Show & Tell: 17th-Century Falcon's Hood

Cooper Hewitt/Smithsonian Institution 
Cooper Hewitt/Smithsonian Institution  / Cooper Hewitt/Smithsonian Institution 

This early-17th-century falcon’s hood is made of tooled leather, inset with velvet panels that are embroidered with metallic yarns and metal beads, and topped by a silk tassel. The Cooper-Hewitt, which holds it in its collection, says the whole confection features two openings: one in the front for the bird’s beak, and one in the back, where leather straps could be tied to secure the hood to the falcon’s head. 

Although the Cooper Hewitt was unable to definitively pinpoint this hood’s origin, the museum hypothesizes that it was made in England or France (there’s another early-17th-century hood from Britain in the collection of the Victoria & Albert Museum that looks like this one). European falconry was relatively new in the early 17th century, at least compared to the sport’s much longer history on the steppes of Mongolia or Iran; falconry was commonly practiced in Asia and the Middle East as long ago as 2000 BCE.

The concept of the falcon hood, writes falconer Lydia Ash, was Arabic in origin. “The purpose of a hood is to calm the bird,” she writes. “These birds are so visually oriented that they are not fearful of what they cannot see … Hoods protect the bird and allow ease of control of situations that otherwise could be startling to the bird.” Today's hoods, like this older one, are made of leather. They should be constructed with enough room for the bird to be able to open its beak wide, and they should be stored open, rather than closed, to retain their shape.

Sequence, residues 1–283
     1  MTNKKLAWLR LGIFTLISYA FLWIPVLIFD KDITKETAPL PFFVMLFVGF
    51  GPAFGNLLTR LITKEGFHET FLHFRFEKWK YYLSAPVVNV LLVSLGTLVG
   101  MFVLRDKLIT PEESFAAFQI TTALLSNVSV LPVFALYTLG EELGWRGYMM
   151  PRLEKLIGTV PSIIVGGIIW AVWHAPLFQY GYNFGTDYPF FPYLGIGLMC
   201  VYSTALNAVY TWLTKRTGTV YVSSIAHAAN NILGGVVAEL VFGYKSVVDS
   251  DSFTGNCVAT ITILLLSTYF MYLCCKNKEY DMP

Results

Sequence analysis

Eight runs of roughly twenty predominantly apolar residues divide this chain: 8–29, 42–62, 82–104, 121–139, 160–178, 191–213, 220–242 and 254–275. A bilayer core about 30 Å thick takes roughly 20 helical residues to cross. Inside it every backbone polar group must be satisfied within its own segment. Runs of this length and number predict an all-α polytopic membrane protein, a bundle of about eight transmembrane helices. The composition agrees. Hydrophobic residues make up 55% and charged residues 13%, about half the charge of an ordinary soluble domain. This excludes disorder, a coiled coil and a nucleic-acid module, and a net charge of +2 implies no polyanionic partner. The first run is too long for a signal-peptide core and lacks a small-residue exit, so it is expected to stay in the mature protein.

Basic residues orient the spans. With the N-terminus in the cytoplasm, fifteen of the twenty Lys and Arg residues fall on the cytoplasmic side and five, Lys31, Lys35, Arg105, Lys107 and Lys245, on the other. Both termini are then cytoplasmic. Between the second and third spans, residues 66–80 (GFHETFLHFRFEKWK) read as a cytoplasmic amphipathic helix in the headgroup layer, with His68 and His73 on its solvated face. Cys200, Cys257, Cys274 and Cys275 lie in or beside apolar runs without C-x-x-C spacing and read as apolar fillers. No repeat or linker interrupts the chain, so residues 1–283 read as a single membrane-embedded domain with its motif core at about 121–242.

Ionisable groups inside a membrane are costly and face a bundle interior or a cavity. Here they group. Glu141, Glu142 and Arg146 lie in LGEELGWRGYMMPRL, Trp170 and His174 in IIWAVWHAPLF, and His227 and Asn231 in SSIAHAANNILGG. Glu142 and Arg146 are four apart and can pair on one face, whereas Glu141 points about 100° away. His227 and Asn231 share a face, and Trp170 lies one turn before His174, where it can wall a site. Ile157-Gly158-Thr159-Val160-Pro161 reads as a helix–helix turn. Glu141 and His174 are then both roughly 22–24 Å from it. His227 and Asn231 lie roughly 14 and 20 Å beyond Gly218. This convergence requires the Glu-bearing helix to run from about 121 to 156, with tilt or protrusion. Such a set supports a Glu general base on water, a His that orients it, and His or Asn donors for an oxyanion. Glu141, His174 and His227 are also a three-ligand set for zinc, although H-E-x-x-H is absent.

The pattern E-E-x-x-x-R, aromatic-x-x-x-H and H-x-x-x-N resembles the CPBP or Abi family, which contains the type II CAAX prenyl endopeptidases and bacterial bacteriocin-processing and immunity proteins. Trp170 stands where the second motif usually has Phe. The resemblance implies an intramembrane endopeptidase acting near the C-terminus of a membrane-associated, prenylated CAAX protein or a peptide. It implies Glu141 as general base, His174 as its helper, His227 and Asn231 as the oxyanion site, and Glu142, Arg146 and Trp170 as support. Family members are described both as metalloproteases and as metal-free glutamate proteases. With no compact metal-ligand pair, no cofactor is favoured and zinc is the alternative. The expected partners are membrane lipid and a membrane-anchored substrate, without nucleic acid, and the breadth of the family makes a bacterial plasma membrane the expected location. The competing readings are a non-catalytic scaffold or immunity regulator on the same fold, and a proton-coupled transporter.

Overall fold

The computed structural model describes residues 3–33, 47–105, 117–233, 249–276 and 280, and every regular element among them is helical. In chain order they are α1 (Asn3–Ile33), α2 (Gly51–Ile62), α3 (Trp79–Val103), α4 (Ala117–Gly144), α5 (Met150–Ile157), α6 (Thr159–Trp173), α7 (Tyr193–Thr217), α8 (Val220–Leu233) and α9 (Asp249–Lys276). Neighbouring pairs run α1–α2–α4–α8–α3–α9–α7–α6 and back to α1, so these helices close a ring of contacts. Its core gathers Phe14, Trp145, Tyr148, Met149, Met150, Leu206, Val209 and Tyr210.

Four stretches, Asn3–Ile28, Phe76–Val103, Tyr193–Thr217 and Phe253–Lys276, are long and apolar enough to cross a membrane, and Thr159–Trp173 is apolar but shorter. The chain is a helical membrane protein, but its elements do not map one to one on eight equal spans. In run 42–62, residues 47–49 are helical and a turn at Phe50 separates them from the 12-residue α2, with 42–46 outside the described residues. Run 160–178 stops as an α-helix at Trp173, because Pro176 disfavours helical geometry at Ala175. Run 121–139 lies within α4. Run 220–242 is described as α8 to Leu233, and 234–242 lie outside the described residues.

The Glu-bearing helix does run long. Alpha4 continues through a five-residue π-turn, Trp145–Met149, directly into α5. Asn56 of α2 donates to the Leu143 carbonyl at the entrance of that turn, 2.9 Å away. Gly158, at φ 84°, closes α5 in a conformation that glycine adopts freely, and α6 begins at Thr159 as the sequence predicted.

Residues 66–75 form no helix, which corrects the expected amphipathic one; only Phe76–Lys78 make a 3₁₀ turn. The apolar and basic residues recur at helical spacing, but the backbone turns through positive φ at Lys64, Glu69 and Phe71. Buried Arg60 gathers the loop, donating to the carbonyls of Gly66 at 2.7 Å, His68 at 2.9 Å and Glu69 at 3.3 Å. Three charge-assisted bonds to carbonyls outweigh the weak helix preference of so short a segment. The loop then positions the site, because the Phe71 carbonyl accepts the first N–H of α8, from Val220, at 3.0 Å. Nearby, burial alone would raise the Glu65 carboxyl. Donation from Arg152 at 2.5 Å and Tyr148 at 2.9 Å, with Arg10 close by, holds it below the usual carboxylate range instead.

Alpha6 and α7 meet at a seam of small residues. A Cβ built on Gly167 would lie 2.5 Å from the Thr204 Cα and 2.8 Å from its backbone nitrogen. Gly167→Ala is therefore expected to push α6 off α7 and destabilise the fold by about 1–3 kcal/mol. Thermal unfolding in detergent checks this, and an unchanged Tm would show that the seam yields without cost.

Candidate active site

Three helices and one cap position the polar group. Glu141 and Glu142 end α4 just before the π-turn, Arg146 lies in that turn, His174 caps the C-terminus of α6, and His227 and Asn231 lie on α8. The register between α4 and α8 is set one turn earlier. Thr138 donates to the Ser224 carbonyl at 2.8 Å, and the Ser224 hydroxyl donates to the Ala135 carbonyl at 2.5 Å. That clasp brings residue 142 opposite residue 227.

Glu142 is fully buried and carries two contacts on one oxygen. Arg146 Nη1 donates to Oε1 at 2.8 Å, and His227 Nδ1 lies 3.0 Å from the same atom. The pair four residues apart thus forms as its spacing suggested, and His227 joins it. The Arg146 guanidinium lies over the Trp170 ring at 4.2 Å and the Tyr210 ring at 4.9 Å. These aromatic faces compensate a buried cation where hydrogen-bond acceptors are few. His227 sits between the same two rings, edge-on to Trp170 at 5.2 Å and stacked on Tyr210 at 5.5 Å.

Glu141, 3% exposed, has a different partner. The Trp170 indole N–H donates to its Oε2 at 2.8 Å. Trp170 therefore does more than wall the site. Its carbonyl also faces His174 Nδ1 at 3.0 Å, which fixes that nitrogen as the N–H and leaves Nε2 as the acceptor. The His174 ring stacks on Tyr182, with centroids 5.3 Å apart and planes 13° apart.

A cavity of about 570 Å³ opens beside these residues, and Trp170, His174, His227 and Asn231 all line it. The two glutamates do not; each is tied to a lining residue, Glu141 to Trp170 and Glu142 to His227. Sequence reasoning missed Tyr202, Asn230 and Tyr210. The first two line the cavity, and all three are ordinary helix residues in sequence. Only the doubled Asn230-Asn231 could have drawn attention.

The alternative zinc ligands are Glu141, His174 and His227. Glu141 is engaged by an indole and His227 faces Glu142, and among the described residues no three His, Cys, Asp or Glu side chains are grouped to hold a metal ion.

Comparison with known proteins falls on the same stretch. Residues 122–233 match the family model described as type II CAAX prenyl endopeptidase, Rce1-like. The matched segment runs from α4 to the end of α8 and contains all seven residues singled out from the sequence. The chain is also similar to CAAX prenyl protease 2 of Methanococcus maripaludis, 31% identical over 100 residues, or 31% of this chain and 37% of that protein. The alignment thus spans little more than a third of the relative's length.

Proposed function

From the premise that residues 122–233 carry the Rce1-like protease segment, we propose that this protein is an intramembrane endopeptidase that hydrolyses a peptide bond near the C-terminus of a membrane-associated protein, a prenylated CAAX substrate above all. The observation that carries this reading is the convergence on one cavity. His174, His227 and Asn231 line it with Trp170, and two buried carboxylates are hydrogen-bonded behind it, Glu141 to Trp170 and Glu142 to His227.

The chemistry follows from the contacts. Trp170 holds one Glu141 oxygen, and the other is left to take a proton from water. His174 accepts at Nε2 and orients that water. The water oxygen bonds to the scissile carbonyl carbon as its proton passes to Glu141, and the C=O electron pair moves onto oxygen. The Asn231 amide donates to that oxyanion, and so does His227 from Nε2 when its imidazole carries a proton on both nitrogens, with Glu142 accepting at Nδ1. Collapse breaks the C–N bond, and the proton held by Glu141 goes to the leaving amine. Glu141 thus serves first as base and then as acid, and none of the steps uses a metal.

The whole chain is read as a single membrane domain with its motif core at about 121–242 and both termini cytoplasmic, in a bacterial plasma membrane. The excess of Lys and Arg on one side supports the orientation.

By the time this hood was made, falconry in England had become enmeshed with human social hierarchy. Royalty practiced the sport, which became a status symbol. In 1486, the publication of The Book of Saint Albans set forth rules called the Laws of Ownership, which assigned the right to fly certain birds of prey to particular ranks of human falconer. A yeoman could fly a goshawk, an earl a peregrine falcon; a knave could only hope to fly a kestrel, and a priest a sparrowhawk. Gyrfalcons were reserved for kings, and eagles for emperors.

Like other charismatic animals, such as polar bears and elephants, birds of prey made excellent diplomatic gifts, since they carried connotations of nobility, wealth, and power. According to the International Association for Falconry and Conservation of Birds of Prey, in the 17th century, falcons arrived at the French court from many faraway locations, including Turkey, India, Russia, Norway, Corsica, Sardinia, and Spain. You can imagine a gift falcon sporting a hood like this as an additional embellishment, like a ribbon on a package.